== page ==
7. Green Carnation – Leaves Of Yesteryear
Leaves of Yesteryear is the first album in 14 years from Norway’s Green Carnation. Emotion is to the fore throughout this prog-doom-psych-metal masterpiece. We are gifted with all-encompassing doom riffs, mournfully longing melodies, necro-prog Floydisms replete with brooding synths, and awe-inducing vocal lines. The infinite layers of guitar and keyboard sounds slot in and dance with each other like a perfectly jigsawed ballet ensemble. Impossibly powerful and intensely beautiful, the whole record is technically perfect whilst still retaining its humanity. Leaves Of Yesteryear is a progressive metal album that will also hold a more universal appeal for anyone with an interest and heavy and emotionally honest music.
6. Jarboe – Illusory
Jarboe’s illustrious (and definitely not illusory) career speaks for itself, and with Illusory she continues on her path of creating esoteric but deeply rewarding and heartfelt music. This is an album that you need to need to sit with and allow yourself to be drawn into. Hypnotic, meditative, and trance-inducing, Illusory lulls you into relaxation with the push and pull of its synth textures. Mysterious repetitive sounds and rhythms – primordial yet synthetic, earthy yet still drifting out into the cosmos – are overlaid with chanting which often doesn’t appear to be in any known language. Once you allow yourself to be immersed in this world, the songs on Illusory tend to then catch you off guard from time to time; much of the music is intentionally slightly off-kilter in a way that makes you feel just a little bit disorientated. This is an album that takes work. On the surface, it may appear to be almost too minimalistic or too far removed from conventional structures. But it’s a record that – when given undivided attention – provides a unique cleansing and rejuvenating experience.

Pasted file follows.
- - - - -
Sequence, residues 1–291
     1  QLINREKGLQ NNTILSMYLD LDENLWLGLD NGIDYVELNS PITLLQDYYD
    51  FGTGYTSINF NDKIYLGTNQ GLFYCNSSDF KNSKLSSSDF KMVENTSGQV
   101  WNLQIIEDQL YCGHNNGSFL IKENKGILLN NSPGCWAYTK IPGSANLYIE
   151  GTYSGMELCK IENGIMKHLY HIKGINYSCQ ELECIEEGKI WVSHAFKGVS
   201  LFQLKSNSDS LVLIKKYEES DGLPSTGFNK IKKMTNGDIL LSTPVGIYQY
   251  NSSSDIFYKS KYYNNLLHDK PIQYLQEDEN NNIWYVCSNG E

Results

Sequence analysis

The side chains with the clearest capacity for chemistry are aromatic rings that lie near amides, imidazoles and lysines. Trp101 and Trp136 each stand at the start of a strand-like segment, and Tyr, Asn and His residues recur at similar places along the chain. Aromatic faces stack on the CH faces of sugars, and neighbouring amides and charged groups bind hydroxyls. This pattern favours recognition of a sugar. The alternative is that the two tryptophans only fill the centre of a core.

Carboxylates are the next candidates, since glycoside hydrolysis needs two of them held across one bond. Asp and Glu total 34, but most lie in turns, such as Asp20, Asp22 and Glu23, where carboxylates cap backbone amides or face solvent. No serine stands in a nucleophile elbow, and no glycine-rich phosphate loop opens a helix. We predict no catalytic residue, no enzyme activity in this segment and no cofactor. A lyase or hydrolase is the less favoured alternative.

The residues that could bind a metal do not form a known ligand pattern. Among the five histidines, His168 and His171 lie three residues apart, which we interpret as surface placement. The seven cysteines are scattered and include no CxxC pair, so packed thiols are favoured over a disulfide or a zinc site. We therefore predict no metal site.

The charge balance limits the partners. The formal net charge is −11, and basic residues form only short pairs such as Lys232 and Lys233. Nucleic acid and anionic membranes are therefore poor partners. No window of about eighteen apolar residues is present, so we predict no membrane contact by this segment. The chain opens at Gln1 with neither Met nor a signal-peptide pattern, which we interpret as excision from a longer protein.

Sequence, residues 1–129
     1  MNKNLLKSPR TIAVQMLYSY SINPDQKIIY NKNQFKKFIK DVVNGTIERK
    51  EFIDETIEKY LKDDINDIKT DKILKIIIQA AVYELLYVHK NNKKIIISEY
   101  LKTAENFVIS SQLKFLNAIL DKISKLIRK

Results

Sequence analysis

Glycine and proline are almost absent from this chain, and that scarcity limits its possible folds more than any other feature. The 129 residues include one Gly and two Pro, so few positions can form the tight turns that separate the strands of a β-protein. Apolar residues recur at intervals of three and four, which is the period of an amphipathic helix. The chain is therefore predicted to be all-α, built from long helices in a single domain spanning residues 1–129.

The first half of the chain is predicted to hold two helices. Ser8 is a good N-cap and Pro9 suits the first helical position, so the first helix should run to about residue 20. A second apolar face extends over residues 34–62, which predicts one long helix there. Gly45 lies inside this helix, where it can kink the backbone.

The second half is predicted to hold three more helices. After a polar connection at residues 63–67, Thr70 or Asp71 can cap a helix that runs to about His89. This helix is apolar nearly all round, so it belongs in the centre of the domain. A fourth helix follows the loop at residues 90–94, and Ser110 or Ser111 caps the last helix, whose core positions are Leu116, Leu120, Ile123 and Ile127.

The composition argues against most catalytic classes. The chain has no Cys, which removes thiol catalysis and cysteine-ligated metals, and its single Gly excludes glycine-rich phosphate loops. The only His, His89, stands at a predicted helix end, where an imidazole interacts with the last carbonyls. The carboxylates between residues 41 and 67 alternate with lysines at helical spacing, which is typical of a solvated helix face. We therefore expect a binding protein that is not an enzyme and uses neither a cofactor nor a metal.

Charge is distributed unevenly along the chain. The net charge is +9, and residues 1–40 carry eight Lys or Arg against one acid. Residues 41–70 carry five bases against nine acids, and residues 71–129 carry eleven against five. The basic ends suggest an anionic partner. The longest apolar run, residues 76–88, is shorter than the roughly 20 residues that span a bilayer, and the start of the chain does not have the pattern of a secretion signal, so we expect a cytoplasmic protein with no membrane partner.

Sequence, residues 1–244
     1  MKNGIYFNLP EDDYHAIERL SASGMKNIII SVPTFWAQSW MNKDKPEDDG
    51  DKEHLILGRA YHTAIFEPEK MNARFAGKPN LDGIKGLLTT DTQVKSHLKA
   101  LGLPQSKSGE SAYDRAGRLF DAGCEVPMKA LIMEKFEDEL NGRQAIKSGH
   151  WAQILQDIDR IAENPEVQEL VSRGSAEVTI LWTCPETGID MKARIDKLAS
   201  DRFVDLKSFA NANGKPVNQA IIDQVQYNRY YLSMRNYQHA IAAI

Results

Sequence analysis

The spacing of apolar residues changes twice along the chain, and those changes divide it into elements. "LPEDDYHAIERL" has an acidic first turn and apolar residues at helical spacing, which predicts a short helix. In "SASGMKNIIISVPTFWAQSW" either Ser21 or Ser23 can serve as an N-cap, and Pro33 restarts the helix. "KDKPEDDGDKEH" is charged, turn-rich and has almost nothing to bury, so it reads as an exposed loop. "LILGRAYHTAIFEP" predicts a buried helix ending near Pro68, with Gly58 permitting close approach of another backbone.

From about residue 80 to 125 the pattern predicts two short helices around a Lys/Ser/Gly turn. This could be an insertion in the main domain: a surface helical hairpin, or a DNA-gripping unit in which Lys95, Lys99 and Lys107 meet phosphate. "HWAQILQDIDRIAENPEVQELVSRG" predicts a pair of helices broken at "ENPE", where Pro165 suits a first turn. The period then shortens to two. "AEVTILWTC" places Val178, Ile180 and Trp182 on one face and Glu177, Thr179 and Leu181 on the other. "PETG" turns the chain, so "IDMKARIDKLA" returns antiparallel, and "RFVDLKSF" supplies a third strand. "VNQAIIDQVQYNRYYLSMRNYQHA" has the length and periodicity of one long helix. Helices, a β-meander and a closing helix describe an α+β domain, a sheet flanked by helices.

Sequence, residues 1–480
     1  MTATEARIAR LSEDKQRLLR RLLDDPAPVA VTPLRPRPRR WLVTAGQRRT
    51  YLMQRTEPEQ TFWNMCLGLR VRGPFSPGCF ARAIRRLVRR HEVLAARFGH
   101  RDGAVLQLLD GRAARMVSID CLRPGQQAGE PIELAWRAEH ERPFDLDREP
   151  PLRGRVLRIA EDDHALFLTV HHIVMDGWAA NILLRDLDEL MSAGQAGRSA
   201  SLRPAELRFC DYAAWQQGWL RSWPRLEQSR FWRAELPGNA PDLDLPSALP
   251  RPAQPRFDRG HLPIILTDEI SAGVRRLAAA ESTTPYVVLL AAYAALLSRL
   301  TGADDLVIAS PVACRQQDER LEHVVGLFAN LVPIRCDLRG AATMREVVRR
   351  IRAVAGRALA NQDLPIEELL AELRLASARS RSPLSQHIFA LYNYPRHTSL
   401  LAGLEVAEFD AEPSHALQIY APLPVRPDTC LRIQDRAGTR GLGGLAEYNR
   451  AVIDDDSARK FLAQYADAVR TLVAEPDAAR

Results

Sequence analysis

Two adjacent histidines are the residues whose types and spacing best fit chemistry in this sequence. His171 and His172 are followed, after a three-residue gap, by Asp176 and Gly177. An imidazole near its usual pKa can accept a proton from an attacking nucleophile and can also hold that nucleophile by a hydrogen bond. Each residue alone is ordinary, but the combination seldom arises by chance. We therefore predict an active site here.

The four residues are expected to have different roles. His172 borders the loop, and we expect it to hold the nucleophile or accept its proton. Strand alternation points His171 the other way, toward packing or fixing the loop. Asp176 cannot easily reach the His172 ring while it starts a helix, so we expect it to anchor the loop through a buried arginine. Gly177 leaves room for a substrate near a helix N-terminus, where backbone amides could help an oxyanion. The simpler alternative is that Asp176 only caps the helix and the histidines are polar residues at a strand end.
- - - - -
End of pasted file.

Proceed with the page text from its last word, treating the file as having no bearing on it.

5. Emma Ruth Rundle & Thou – May Our Chambers Be Full